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Mainly I'm interested in getting to know my ancestry, but I don't mind doing a lot of research on my own to classify it if I get raw results.

The thing that I do not want is my DNA being stored somewhere, or something associated with my name in any way stored anywhere. Is there a way to avoid that and just get the only copy of the results while being sure that the DNA sample wasn't kept as well?

I'm in Europe if that matters, but I've read you can usually send in samples. I can't afford something very expensive, but I am able to pay something (obviously, otherwise I wouldn't be posting about it).

  • Given that you don't want the third party to have your data it is unlikely they will let you use their data to assess ancestry... – rg255 Apr 22 '16 at 17:36
  • Perhaps you could try to submit the DNA with a false name and contact information, so that it cannot be associated with you. – TreeHouse196 Apr 22 '16 at 20:51
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    Have you read the Terms & Conditions of service of any companies that provide testing? I would expect privacy concerns to be prominently addressed. – feetwet Apr 23 '16 at 15:31
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    @feetwet If they tell me "we treat your data with respect," it doesn't mean anything to me, especially when any ToS usually has a clause saying "ToS is suspect to change," usually with another clause saying "without notice." – Jack Apr 25 '16 at 9:28
  • @rg255 I don't need their data for ancestry, I only need my DNA info that can only obtained by using special equipment. I will do the analysis myself. – Jack Apr 25 '16 at 9:28
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Read the TOS (Terms of Service) for each DNA service you are considering. Each service will clearly outline the privacy of submitted samples, security of the process of analysis of samples, the storage and distribution (and possible destruction) of the resulting data, and linking of personal names (or the granting of anonymity, if available) to the data. The TOS will give you enough information to determine if you are comfortable with the privacy of the service.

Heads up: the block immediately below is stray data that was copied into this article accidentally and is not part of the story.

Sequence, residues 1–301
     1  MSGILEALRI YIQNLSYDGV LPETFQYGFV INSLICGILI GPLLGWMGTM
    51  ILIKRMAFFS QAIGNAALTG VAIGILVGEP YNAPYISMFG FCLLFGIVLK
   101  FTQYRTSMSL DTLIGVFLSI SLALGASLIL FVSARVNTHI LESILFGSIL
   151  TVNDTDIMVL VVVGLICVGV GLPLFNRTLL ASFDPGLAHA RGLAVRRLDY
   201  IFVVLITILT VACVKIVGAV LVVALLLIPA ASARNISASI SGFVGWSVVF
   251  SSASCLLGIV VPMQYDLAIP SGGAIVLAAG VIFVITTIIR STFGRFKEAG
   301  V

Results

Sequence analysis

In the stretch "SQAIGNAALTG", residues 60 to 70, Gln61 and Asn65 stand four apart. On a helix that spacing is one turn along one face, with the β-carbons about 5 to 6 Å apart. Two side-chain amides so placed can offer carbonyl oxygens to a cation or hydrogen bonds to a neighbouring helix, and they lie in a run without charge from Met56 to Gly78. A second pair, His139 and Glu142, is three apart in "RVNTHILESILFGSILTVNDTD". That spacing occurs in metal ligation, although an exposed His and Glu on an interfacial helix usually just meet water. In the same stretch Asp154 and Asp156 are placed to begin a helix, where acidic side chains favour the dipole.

The TOS is a legal document; both you and the service are bound by that contract once you submit a sample and pay the fee. The TOS may outline any legal recourse you have against the company for violating the TOS.

Each service is bound by the laws of the country where it is located and the countries where it might outsource the analysis, as well as relevant EU law - since you're looking at EU based-services - to provide security and privacy. Those laws will be outlined in the TOS.

As an example, read https://dna.ancestry.com/en/legal/us/privacyStatement at ancestry.com about their DNA testing. It's an extensive TOS, and outlines US and EU law, including the Swiss Safe Harbor Framework https://en.wikipedia.org/wiki/International_Safe_Harbor_Privacy_Principles

The DNA service, of course, can't guarantee the security of the data - or your personal information - in perpetuity. Companies are sold, TOS documents change (which would have to be subsequently approved by you), data storage systems "leak" information (by insiders and hackers), and on and on.

...but I don't mind doing a lot of research on my own to classify it if I get raw results.

And, any kind of site that allows you to compare your DNA profile with others - if it is a different site/service than one that does the DNA analysis - will have its own TOS regarding the privacy of your data and the resulting metadata from comparisons to other DNA profiles.

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  • First of all, I'm not comfortable with any storage for information anywhere, whether they say it's private or even encrypted or not, so hackers or insiders or company being sold shouldn't be a problem. Changing TOS could be a problem if it's in progress of being tested. As for trusting TOS is a whole another deal. Look at Google, Microsoft and a few other companies - they do not respect their TOS for user privacy whatsoever. As for comparing my data, I would take each small piece of information and compare it myself, instead of entering the whole data, or enter it each separately. – Jack Apr 25 '16 at 9:33
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Since the GDPR is coming up, the easy solution is now to pick any company that explicitly operates in Europe. They all have to remove your information as soon as you request it. So, the day you get the results in, you send that request .

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    They don't have to do so if you explicitly agreed to license your data to them – Tim Lymington May 19 '18 at 12:16
  • @TimLymington: That sounds like a GDPR violation in its own right, consent must be specific and freely given. Additionally, DNA information is considered particularly sensitive, which requires that all processing must either be for the benefit of that person or society as a whole. I don't think companies can even license DNA data for commercial purposes; it's simply not an option allowed by the GDPR (article 53) – MSalters May 20 '18 at 0:19
  • Why do you think "explicit consent" is not specific and freely given? And any company can make your use of their service conditional on your granting them a license to use your data; all that has changed is that the consent has to be explicit. – Tim Lymington May 20 '18 at 18:12
  • @TimLymington: Precisely because "if". The conditional nature (no consent, no service) makes it not freely given. Note that "explicit" is a separate requirement from "freely given" – MSalters May 20 '18 at 20:25

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